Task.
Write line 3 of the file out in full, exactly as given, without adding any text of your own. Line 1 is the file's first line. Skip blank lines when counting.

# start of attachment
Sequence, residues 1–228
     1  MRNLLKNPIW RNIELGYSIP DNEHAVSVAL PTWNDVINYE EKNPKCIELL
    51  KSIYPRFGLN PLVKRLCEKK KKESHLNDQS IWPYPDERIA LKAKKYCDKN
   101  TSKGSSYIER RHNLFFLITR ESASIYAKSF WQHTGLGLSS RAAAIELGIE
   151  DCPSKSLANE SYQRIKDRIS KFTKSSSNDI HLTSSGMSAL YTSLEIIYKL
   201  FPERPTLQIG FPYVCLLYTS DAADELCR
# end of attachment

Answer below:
    51  KSIYPRFGLN PLVKRLCEKK KKESHLNDQS IWPYPDERIA LKAKKYCDKN